Did you know that May is Mental Health Awareness Month? Given that many people worry about finances, it is no surprise that there is a link between financial well-being, mental health, and overall well-being. Seeking help for mental health issues and getting help with finances when needed can improve overall well-being.
Budgeting, debt management, and credit-related issues are among the most common challenges that cause financial stress. But even longer-term planning goals, like saving for college or retirement, can create stress because of a lack of information or simply not having a plan. In a recent study, 67% of MSA members said they lack three months of savings to cover living expenses, and nearly 4 in every 10 mentioned that inflation greatly impacts their ability to pay their monthly bills.1
Finances can also cause stress in relationships. While making long-term plans can help a couple look forward to a future together, it can also be stressful if it raises conflict. According to a recent study by the American Psychological Association, over half of the adults who reported money as a significant source of stress (55%) said money is a cause of fights or tension in their family.2
The American Psychological Association also reported that over a quarter of adults said: “that most days they are so stressed they can’t function.”1 In addition to addressing financial stressors, support for mental health is also important. This is where an Employee Assistance Program can help. They have a plethora of mental, emotional, physical and financial well-being resources available, including online tools and personalized counseling.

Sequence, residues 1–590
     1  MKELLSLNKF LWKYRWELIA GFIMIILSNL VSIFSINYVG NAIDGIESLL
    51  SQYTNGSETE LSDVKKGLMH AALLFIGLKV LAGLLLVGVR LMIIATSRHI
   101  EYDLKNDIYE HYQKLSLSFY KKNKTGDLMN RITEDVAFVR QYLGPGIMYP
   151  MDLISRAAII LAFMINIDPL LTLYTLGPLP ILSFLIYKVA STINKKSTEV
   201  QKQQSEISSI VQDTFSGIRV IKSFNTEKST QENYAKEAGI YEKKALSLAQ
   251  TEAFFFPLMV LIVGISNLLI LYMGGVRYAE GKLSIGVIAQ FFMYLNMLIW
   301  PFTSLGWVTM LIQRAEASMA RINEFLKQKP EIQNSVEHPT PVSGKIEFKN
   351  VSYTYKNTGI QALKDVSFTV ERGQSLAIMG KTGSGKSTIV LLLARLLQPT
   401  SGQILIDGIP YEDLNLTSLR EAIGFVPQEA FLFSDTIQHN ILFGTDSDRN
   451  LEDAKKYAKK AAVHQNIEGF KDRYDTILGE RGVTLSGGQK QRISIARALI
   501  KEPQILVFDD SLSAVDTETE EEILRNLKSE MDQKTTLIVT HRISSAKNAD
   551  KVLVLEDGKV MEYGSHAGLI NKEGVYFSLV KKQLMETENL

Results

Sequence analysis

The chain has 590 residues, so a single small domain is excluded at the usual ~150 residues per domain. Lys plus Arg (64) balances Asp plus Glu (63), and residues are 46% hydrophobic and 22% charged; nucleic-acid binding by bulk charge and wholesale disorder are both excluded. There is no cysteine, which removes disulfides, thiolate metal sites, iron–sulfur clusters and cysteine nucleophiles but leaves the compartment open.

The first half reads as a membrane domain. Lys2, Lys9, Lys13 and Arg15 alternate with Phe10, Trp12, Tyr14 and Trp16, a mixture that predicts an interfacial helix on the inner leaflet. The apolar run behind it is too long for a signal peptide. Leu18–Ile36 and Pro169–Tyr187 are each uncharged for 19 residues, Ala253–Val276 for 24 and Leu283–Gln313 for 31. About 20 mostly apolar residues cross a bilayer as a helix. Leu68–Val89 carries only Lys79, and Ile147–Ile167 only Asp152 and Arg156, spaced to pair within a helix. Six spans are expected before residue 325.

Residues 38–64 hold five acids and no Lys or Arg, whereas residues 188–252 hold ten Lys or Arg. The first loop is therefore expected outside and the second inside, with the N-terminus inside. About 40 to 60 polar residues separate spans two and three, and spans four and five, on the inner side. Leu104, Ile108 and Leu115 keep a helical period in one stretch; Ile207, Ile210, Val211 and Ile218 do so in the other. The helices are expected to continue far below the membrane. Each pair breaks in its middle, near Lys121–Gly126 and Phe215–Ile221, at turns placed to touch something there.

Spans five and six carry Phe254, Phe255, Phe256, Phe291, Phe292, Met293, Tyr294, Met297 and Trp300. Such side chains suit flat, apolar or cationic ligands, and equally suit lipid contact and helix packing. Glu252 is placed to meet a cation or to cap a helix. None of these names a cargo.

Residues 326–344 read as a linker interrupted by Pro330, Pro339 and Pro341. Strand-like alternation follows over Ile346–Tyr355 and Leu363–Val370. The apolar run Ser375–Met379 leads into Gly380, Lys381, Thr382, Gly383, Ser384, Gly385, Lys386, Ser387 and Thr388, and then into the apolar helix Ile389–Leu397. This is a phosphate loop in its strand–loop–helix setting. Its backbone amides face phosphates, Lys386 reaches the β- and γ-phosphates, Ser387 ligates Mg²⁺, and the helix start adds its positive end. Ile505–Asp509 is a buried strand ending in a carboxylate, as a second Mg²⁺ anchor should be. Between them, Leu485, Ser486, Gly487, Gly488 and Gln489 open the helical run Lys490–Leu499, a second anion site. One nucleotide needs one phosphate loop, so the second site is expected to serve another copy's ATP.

Some good news? In a survey conducted by My Secure Advantage (MSA), members working with a Money Coach reported a 90% average improvement in financial well-being and a 30% average decrease in time distracted at work due to financial stress.3 Less financial stress at work and home leaves more time for self-care and healthy behaviors like exercise, meditation, or using wellness program benefits through an employer.
As you consider ways to focus on or improve mental health, consider the financial side of things. Partnering with a Money Coach can help those who consider finances a stressor – as well as those who want to keep finances from becoming a stressor. MSA’s team of money coaches are trained to listen well, to be compassionate and nonjudgmental. In addition, they provide educational support and accountability with the goal of helping members decrease financial stress and improve their financial well-being. Call 888-724-2326 today to learn more.
1 Pulse Survey report. MSA. November 2022, 1029 MSA members.
2 “Stress in America 2022: Concerned for the Future, Beset by Inflation.” American Psychological Association, American Psychological Association, Oct. 2022, https://www.apa.org/news/press/releases/stress/2022/concerned-future-inflation.
3 My Secure Advantage, Inc., January 2023. Based on MSA member self-reported data, when member is working with a coach on this specific issue, from 1/1/21 – 12/31/22.
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